ingredients and stir-fry 3 minutes longer or until mixture is
hot. Serve immediately.

Reproduced from The Vegetarian Resource Group's Vegetarian
Quantity Recipes. The texture is similar to a tuna- or
chicken-salad sandwich. Try adding garlic for a flavor change of
pace, and serve with plenty of lettuce, tomatoes, and chopped
vegetables for color and crunch.

YIELD:  25 sandwiches/4 oz filling per sandwich
PER SERVING:  250 calories, 5 grams fat

INGREDIENT                         AMOUNT
Chickpeas or garbanzo beans,       4 lbs 12 oz (8 cups or 1-1/2
  cooked or canned, drained,              52 ounce cans)
  and mashed
Celery, finely chopped             10 oz (8 stalks or 2-1/2 cups)
Onions, minced                     14 oz (4 medium or 2 cups)
Soy or regular mayonnaise          1 cup
Salt and pepper                    To taste
Whole wheat bread                  50 slices

Combine all filling ingredients. Use a rounded #8 dipper or
approx. 1/2 cup filling per sandwich.



Send your quantity vegetarian recipes to us for possible reprint
in future issues of Vegetarian Journal's Foodservice Update. We
prefer to share healthy, low-fat recipes that include a minimum
of sweeteners. Use molasses or fruit wherever sweeteners are
called for. Maple syrup could also be used instead of honey.



January 7, 1789 first US presidential election. Serve anything red,
       white, & blue!
February 14 Valentine's Day.  Go heart-healthy!
March 17 St. Patrick's Day. Offer veggie stews and other meatless dishes
       instead of corned beef, because traditionally this was a meatless 
March 20 Great American Meat-Out.
April 21  Earth Day:  veggie burgers are planet-friendly.
May 30 Memorial Day: Try barbecuing marinated tofu and vegetable chunks.
June 19, 1885 The Statue of Liberty arrived from France. Serve veggie
       heros on french bread.
July 4 Independence Day calls for tofu weiners.
August 5 National Mustard Day. Also, spotlight corn, peaches, and
       watermelon, the signature foods of summer.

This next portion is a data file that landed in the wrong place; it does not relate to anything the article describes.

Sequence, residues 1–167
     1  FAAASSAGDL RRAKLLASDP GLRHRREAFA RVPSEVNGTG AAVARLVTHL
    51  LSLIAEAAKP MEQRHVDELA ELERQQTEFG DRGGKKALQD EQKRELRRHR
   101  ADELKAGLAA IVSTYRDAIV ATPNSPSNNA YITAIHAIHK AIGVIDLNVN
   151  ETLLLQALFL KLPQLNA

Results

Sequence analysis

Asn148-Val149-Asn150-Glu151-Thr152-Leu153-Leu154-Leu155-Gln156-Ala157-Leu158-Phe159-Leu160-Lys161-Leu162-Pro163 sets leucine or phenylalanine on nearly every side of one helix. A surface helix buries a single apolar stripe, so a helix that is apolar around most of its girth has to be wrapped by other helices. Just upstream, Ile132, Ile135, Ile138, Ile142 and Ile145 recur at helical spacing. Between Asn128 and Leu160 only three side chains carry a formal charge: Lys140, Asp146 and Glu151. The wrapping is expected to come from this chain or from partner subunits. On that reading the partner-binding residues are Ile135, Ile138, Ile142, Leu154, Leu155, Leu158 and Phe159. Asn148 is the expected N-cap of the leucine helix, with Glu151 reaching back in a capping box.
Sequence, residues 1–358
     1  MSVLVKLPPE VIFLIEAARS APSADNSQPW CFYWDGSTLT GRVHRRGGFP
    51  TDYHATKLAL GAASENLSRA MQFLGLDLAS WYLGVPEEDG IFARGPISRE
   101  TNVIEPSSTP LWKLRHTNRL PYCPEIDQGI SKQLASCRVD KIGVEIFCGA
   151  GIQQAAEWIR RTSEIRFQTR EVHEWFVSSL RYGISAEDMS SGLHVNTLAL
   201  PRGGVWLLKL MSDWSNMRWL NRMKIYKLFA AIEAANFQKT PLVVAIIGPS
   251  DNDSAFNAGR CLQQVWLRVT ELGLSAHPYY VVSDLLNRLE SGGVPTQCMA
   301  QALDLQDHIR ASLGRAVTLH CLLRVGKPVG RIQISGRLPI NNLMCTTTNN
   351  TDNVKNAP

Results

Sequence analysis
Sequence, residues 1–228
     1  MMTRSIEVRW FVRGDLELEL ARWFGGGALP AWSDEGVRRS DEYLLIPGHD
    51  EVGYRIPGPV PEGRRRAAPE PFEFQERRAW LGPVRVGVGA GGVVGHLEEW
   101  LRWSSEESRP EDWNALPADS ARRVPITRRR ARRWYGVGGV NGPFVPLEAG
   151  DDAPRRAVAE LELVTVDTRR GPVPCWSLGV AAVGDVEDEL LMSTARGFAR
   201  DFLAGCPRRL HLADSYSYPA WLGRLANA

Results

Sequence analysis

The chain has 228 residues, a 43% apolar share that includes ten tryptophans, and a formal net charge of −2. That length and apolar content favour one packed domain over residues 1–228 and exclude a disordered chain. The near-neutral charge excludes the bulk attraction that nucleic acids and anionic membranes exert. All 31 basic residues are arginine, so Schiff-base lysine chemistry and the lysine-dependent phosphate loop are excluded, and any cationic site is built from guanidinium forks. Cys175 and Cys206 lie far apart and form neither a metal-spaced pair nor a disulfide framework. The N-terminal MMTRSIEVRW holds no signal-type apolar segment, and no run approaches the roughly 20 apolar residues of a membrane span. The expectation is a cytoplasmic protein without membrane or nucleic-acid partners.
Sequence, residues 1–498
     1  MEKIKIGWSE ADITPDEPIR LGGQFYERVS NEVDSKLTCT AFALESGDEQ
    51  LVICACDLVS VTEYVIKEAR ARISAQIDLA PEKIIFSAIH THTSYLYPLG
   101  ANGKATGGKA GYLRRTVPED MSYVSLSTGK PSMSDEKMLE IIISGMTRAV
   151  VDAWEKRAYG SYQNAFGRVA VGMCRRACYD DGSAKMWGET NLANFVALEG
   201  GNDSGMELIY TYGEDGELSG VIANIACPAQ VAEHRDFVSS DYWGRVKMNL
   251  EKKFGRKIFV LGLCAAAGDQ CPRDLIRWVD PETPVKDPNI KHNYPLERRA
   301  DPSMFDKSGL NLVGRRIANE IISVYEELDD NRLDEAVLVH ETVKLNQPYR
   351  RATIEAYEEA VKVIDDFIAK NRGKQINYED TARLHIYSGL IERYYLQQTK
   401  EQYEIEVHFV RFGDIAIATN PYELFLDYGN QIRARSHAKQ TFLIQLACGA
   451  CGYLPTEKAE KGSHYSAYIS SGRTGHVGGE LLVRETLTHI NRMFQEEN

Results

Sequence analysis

September All-American Breakfast month. Serve pancakes, scrambled tofu,
       french toast, and muffins for a dinnertime change of pace.
October 1  World Vegetarian Day..
November Thansksgiving is perfect for hearty fall dishes.
December Christmas, Kwanzaa, and Chanukah are perfect times to serve
       ethnic vegetarian dishes.



BACK SHELF -- Noteworthy events and product news you may have missed.

September 10-12, Baltimore

Casbah, Sahara Natural Foods, Inc. 14855 Wicks Boulevard, San
Leandro, CA 94577 (510) 352-5111 [fax: (510) 352-3227] Dry, bulk
mixes of falafel, hummus, tahini sauce, gyros, and other
vegetarian delicacies. An easy way to add variety, because these
mixes are simple to prepare and taste great!

Van's International Foods:, 20318 Gramercy Place, Torrance, CA
90501 (310) 320-8611 [fax: (310) 320-8805] Eggless, dairyless,
gluten-free, wheat-free, yeast-free, sugar-free waffles. Sounds
like they should be flavor-free, too, but they are absolutely
delicious; you can't tell them from the real thing.. Clients
with allergies will love you for serving these.

Idle Wild Farm, 40 Washington Street, Wellesley, MA 02181 (617)
237-8600 [Fax (617) 431-2011). Their Grande Cuisine line is
available in 1/2 steam pans. Choose from Tabouli, Lentil Pilaf,
Tofu Ravioli Provencal, Millet and Vegetables, Brown Rice and
Fruit, and 9 other vegetarian delights.

USA Rice Council, P.O. Box 740121, Houston, TX 77274. Write for